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Iacocca, the bestselling author and former president of Ford and Chrysler, is back to sound a howl of anger against the sad state of leadership in the U.S. today. Iacocca starts with a rundown of sins committed by George W. Bush and his administration, and then moves on to criticize the American auto industry-naturally, he's furious over over the sale of Chrysler to Daimler-Benz. Along the way, Iacocca rails against the lack of leadership in vital national concerns such as health care, open markets and energy policy. Iacocca may not have a whole lot new to say, but he is always engaging, even when spinning his wheels over the current crop of presidential hopefuls or recommending that Congress take a year off from enacting laws or spending money. The book's strength lies in Iacocca's emotional honesty, which shines when he details the reasons he passed on a Presidential run, how he felt when his wife died and his frustration at the poor decisions he's made during his retirement (fessing up to voting for Bush in 2000 and handpicking the executive who sold Chrysler to the Germans). Iacocca is a genial person to spend time with, but his insights no longer carry the weight that made his autobiography, Iacocca, a runaway bestseller.
Copyright © Reed Business Information, a division of Reed Elsevier Inc. All rights reserved.
Iacocca is outraged. Now 82, he has seen the U.S. overcome some of its worst crises, including the Great Depression and World War II, through great leadership. As the CEO of Chrysler Corporation, he brought the company back from the brink of bankruptcy and worked with the government to overcome the fallout from the 1970s oil crisis. Now, he says, our government has fallen under the grip of arrogant ideologues and spineless detractors. Our business leaders are more obsessed with stock options and trumping each other's multimillion-dollar salaries than with finding creative solutions to pressing problems, such as the health-care crisis, our loss of competitive edge in the global marketplace, the massive trade deficit, and the slow death of the middle class. He describes his frustration as his successor at Chrysler sold out to Daimler-Benz, and the once proud, independent company lost its soul. Although Iacocca presents a brutal analysis of cronyism in Washington, D.C., the abysmal situation in Iraq, and failed policies at home, he is not a pessimist. With a reputation as a straight shooter, he hopes to inspire more young people to vote. This is a surprisingly outspoken take on the pressing need for real leadership in this country. David Siegfried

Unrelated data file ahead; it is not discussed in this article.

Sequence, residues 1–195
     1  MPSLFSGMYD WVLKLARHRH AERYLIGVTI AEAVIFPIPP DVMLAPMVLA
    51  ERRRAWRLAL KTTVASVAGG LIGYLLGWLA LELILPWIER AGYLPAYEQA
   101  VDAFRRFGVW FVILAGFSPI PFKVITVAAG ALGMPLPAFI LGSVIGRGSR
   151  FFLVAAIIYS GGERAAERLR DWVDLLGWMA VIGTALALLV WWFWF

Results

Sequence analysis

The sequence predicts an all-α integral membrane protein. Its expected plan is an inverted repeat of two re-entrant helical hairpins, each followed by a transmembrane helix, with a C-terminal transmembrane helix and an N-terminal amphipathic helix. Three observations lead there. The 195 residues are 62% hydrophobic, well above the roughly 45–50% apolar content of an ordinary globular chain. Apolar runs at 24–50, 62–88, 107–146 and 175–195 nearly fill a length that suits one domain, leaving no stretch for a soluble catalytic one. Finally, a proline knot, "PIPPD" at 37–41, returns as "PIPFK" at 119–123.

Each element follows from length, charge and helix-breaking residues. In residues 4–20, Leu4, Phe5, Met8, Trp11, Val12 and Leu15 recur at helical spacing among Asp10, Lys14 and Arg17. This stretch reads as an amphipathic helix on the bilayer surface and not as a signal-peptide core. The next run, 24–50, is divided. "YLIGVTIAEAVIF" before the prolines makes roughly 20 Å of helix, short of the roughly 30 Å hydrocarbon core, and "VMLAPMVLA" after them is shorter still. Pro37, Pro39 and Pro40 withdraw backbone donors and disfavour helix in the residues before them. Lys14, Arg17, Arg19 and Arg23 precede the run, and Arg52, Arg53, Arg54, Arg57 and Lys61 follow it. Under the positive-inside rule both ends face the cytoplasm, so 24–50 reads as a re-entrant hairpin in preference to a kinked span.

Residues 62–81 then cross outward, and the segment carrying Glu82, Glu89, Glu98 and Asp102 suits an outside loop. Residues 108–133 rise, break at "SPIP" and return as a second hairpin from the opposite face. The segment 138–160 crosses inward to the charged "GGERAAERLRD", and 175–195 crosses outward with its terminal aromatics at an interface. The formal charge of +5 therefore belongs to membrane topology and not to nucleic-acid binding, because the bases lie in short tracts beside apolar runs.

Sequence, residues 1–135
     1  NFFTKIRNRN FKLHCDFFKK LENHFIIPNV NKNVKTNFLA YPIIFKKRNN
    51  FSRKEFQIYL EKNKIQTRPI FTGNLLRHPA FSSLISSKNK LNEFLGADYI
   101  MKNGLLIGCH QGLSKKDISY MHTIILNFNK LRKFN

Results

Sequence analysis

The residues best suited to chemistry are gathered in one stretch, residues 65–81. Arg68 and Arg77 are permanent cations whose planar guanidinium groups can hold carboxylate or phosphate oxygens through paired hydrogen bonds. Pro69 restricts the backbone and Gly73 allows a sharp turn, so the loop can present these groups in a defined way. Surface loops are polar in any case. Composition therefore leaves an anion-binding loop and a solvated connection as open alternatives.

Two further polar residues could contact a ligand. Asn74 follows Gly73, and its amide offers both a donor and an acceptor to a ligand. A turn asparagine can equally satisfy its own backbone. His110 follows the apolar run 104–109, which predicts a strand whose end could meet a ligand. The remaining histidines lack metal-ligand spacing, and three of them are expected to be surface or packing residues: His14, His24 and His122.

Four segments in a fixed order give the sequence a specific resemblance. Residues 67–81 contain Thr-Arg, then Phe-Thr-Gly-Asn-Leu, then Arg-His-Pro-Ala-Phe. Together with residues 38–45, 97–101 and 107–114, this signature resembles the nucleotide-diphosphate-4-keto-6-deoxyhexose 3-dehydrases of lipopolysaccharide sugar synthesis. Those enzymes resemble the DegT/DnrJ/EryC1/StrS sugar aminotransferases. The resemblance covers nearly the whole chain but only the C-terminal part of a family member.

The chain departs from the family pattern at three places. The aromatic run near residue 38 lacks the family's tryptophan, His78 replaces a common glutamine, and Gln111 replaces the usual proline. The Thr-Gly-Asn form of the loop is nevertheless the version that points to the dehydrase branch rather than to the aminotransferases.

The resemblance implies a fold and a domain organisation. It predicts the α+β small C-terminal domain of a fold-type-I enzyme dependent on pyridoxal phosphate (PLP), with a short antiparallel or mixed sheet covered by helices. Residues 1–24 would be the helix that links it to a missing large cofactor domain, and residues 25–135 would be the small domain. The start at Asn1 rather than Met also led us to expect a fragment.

Copyright © American Library Association. All rights reserved
I have started to read this book. It is a very good book to help me refresh and get the finer points on our politicians. Read morePublished 1 month ago by michigan
A role model. Experienced his mgmt skills first hand when he turned around Chrysler from the bottom to the top.Published 2 months ago by bonfurt
I heard about this book on Bill O'Reilly's show so thought it might be a good read. It was good but quite dated as it was published while George W. was in office. Read morePublished 3 months ago by Diane B.M. Sanderson
I Love Iacocca, but in this book he is quite simply an angry liberal who hates President George W. Bush. Read morePublished 4 months ago by Georgia Man
Redundant bashing of President Bush. Became a tired dialogue throughout the book. When looking for a rich source of elements on leadership, you will come away still looking for... Read morePublished 4 months ago by John D. Cantlon